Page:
Witkos: Governor needs to get that red pen out and veto this budget [FoxCT]

June 15, 2015

Fox CT
HARTFORD — Gov. Dan Malloy proposed changes in the budget at a news conference Friday morning. He says the revisions will cap and reduce some taxes that were passed by the Legislature earlier this month.

Malloy said the proposals would include reduce spending and eliminate business taxes, and preserve transportation and property tax reform. He said he arrived at the proposals after discussions with business leaders and residents.

“It’s a budget we should be proud of,” said Malloy, “but that doesn’t mean we shouldn’t continue to listen to the voices of Connecticut.”

Some of the proposals included changing the computer and data processing tax, which would be maintained at 1 percent instead of a proposed increase to 3 percent; eliminating the sales tax on car washes and parking; and eliminate taxes on the Internet would also be set at 1 percent. The total reductions would lower revenue by $223.7 million over two years.

He said the Legislature could make up the reductions in revenue by cutting spending or granting his office the authority to make reductions of up to 1.5 percent of spending across the board.

Malloy called the 1.5 percent reduction “doable.” The reductions would apply to all items in the budget and all government agencies, with the exception of items that were legally required to be set at appropriated levels. That would include aid to towns and cities, and even hospitals whose leaders were vocal about a tax hike and lower Medicaid reimbursements this week.

He said it would be a mistake to roll back the progress made in property tax reform and transportation funding. Malloy made a point of saying he would not do what other governors have done and balancing the budget by reducing spending on long term obligations like pensions.

The proposals go to the legislature which will meet in a special session at the end of the month. The legislature must make the changes and send the budget back to Malloy for him to sign into law. The budget must be signed by July 1st, the start in of the new fiscal year. The governor said he expected the changes to be written into the budget implementer, a set of bills that outline policy provisions that are required to put the budget in place. The implementer often contains other amendments that bypass the normal hearing review process, like changes in policy that did not make it through the session.

The Connecticut Conference of Municipalities called for more transparency in the budget process and suggested that, as a non-partisan group of cities and towns, should be included in the budget process.

Gov. Malloy has come under fire since state lawmakers passed the budget. Some major companies, including GE and Aetna, have threatened to leave the state due to high taxes.

“I think a lot of what a governor has to do is lead and lead in the best direction as possible,” said Malloy. “Also, hearing what businesses and individuals are saying.”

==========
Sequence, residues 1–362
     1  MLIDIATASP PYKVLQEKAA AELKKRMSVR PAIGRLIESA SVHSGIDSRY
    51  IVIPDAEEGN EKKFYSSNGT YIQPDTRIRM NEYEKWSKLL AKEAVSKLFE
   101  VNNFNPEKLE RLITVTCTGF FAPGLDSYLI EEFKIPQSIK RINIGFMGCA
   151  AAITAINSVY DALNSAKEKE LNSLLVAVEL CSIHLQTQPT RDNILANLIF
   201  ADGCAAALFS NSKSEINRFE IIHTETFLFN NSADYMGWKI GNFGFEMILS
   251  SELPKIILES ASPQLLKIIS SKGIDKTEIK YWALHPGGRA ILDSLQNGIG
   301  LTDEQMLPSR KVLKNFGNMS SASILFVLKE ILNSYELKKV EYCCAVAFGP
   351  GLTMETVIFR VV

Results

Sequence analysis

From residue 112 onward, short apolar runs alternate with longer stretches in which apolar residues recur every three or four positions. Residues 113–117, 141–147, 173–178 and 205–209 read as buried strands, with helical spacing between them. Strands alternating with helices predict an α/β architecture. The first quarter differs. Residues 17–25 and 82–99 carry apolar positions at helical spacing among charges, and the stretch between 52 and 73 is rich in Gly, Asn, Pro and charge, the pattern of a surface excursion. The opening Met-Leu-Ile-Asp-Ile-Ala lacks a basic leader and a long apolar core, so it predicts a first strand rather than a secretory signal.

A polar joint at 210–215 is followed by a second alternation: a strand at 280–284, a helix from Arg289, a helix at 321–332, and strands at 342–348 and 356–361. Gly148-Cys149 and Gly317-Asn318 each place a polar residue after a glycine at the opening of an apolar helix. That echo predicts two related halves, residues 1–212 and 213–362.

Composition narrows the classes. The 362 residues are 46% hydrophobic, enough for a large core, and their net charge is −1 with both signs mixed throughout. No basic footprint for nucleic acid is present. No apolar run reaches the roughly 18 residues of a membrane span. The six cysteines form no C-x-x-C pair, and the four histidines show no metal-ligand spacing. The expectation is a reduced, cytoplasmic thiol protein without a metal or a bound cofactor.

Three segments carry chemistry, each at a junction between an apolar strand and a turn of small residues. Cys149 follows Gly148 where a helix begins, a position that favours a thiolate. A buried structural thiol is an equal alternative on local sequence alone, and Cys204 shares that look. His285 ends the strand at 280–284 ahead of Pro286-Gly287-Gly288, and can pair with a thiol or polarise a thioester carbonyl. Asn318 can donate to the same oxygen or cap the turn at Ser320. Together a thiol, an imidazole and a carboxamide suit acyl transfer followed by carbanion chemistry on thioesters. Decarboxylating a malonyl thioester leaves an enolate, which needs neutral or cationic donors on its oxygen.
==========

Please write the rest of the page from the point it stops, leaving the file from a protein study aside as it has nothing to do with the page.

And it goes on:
The Connecticut Business and Industry Association was pleased by the news. Joe Brennan, the president and CEO of the CBIA, said the group is happy that Malloy is “putting on the table a plan that reduced the cost of delivering state services, so we can begin to mitigate some of the damage from these harmful tax increases.”

Gov. Malloy is also traveling overseas this weekend. He is scheduled to meet with executives from Aer Lingus, an Irish airline, to discuss the possibility of adding a direct flight from Bradley Airport in Windsor Locks to Dublin.

After attending the Paris Air Show on Sunday and Monday, Malloy is scheduled to visit Berlin. Malloy’s office said the governor was invited by the Vera Institute of Justice to meet with German criminal justice officials, tour a prison and discuss his proposed Second Chance Society legislation.

Democratic leadership gathered with mayors on Friday for a press conference previously scheduled to praise the budget passed, saying it will bring property tax relief. However, the conference was scheduled before Malloy announced his proposal.

“We just heard about this proposal about an hour ago,” said House Speaker Brendan Sharkey, D-Hamden, “So I think we’re still in the stage of digesting what the governor’s proposing.”

While municipal leaders at the event stood in favor of the budget, they too would be hit by the across the board cuts.

Are they concerned?

“I’m not worried about it,” said Bridgeport Mayor Bill Finch. “The governor and the Legislature both have municipalities’ best interest at heart.”

Democrats in the Legislature say they will consider the governor’s proposal, but they will need to discuss it and vote on it.

As for Republicans, they believe Malloy should scrap the budget altogether.

“The governor has gone a little bit down the road but he needs to go a lot farther,” said Sen. Kevin Witkos, R-Canton. “He needs to get that red pen out and veto this budget. It’s the only way we can right the problems in Connecticut.”